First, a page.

Dietary factors and onset of natural menopause: a systematic review and meta-analysis.

Grisotto, Giorgia; Farago, Julian S.; Taneri, Petek E.; Wehrli, Faina; Roa Díaz, Zayne M.; Minder, Beatrice; Glisic, Marija; Gonzalez-Jaramillo, Valentina; Voortman, Trudy; Marques-Vidal, Pedro; Franco, Oscar H.; Muka, Taulant (2022). Dietary factors and onset of natural menopause: a systematic review and meta-analysis. Maturitas, 159, pp. 15-32. Elsevier 10.1016/j.maturitas.2021.12.008

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Diet has been suggested to play a role in determining the age at natural menopause; however, the evidence is inconsistent.


We systematically reviewed and evaluated published research about associations between diet and onset of natural menopause (ONM).


We searched 6 databases (Medline, Embase, Cochrane, PubMed, Web of Science and Google Scholar) through January 21,2021 to identify prospective studies assessing the association between diet and ONM. Two independent reviewers extracted data using a predesigned data-collection form. Pooled hazard risks (HRs) were calculated using random effect models.


Of the 6,137 eligible references we reviewed, we included 15 articles in our final analysis. Those 15 articles included 91,554 women out of 298,413 who experienced natural menopause during follow-up. Overall, there were 89 food groups investigated, 38 macronutrients and micronutrients, and 6 dietary patterns. Among the food groups, higher intake of green and yellow vegetables was associated with earlier age of ONM, while high intakes of some dairy products, such as low-fat, skimmed milk, and low intake of alcohol were associated with a later onset. We observed no consistent association between macronutrient and micronutrient intake and ONM. Our results suggests that a vegetarian diet could be associated with early ONM; we did not observe any other consistent effect from other dietary patterns. Limitations included the number of studies, lack of replication studies and the research being of an observational nature; most studies (11/15) were at medium risk of bias.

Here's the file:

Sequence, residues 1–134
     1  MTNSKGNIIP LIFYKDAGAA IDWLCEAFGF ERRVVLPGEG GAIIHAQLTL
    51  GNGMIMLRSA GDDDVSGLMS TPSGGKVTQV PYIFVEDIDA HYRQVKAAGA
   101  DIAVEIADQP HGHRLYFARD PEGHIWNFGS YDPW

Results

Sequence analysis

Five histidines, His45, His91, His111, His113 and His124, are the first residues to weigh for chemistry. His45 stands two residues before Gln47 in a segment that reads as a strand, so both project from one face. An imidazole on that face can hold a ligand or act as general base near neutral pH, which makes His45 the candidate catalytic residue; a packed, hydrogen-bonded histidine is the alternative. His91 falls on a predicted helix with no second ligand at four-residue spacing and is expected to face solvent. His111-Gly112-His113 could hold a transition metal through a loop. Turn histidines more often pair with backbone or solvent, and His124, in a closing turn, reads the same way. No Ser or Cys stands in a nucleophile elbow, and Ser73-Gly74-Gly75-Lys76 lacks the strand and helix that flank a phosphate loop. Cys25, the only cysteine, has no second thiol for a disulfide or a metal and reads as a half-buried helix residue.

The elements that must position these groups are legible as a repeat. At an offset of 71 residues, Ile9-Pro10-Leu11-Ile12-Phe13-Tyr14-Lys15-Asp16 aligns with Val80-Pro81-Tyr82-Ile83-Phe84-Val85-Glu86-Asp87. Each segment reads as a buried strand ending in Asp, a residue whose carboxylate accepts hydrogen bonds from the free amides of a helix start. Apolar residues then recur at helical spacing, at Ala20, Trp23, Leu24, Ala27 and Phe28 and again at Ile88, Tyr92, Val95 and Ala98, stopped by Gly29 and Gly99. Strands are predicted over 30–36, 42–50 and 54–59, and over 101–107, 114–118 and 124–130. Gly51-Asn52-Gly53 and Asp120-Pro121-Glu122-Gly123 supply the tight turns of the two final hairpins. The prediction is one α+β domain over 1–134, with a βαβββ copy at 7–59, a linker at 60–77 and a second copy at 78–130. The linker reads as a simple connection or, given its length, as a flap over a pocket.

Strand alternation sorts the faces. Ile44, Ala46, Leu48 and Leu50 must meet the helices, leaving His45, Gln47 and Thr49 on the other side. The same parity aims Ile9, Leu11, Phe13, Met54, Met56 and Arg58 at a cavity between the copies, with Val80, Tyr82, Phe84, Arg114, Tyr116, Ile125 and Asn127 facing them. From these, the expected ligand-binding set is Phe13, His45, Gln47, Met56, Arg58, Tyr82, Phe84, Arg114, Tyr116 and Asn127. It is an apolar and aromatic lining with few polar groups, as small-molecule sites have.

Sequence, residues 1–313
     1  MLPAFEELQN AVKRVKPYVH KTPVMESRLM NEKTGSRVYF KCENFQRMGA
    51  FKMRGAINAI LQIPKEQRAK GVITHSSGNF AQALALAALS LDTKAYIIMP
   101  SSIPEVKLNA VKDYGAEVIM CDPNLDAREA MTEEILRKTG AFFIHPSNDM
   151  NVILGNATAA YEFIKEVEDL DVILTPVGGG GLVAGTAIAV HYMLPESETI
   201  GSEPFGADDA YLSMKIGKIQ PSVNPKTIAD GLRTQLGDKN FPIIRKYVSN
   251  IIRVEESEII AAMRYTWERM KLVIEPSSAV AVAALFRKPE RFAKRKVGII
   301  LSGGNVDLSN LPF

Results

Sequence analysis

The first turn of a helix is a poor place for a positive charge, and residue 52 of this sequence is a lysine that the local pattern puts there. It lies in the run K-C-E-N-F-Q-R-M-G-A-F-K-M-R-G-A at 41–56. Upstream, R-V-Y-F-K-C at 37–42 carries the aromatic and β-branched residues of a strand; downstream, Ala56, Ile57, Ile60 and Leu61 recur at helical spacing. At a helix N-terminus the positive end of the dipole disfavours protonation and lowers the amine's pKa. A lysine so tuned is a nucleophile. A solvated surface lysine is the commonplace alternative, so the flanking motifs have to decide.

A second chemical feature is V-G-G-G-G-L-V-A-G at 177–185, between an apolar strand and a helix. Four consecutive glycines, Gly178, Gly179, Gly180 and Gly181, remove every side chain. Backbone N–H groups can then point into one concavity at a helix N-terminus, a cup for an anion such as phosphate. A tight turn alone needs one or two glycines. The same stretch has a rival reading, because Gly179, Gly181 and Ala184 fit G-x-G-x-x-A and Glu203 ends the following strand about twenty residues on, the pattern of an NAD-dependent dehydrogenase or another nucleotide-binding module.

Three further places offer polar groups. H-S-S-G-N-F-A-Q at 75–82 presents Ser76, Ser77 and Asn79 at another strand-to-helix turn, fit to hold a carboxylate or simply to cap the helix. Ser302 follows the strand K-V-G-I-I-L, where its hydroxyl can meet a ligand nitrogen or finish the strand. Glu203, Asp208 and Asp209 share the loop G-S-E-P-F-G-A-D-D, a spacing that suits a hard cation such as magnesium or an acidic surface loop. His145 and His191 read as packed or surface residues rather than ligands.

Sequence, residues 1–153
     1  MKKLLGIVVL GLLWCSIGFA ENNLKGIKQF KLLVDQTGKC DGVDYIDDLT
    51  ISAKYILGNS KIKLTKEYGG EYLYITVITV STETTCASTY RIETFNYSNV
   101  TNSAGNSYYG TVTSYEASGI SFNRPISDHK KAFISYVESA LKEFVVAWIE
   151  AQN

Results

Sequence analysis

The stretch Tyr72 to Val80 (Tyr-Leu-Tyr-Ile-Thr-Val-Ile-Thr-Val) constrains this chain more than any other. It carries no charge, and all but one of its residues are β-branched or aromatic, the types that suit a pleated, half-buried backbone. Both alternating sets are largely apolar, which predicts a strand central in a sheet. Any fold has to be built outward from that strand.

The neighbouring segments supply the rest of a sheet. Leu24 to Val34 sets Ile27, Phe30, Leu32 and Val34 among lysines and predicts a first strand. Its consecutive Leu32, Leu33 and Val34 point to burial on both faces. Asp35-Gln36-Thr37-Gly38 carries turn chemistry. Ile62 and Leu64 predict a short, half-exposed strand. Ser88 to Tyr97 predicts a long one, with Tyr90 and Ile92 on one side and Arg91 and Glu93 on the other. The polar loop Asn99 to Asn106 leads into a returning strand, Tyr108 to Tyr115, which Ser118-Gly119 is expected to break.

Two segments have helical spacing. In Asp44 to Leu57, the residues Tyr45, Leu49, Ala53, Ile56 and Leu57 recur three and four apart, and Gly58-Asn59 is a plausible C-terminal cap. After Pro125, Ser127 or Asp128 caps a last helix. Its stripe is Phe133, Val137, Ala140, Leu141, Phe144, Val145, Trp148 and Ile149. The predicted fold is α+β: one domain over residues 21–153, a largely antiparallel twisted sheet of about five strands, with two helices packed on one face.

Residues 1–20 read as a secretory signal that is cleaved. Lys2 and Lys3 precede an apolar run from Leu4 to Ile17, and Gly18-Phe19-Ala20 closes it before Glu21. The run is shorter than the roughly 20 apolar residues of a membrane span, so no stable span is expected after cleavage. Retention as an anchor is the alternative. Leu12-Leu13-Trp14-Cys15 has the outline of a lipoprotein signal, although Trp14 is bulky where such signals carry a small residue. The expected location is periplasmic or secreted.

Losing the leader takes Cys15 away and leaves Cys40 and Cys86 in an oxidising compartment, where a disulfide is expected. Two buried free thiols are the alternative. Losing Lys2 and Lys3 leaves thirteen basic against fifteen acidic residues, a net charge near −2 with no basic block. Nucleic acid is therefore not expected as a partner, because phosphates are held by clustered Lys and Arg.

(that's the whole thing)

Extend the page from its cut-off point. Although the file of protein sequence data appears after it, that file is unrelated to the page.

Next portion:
Although some food items were associated with ONM, the overall evidence about associations between diet and ONM remains controversial.

Item Type:

Journal Article (Original Article)


04 Faculty of Medicine > Pre-clinic Human Medicine > Institute of Social and Preventive Medicine (ISPM)
13 Central Units > Administrative Director's Office > University Library of Bern

Graduate School:

Graduate School for Health Sciences (GHS)

UniBE Contributor:

Grisotto, Giorgia, Taneri, Petek Eylul, Wehrli, Faina, Roa Diaz, Zayne Milena, Minder, Beatrice, Glisic, Marija, Gonzalez Jaramillo, Valentina, Franco Duran, Oscar Horacio, Muka, Taulant


600 Technology > 610 Medicine & health
300 Social sciences, sociology & anthropology > 360 Social problems & social services
000 Computer science, knowledge & systems > 020 Library & information sciences








Doris Kopp Heim

Date Deposited:

22 Dec 2021 19:21

Last Modified:

27 Dec 2022 10:47

Publisher DOI:


PubMed ID:





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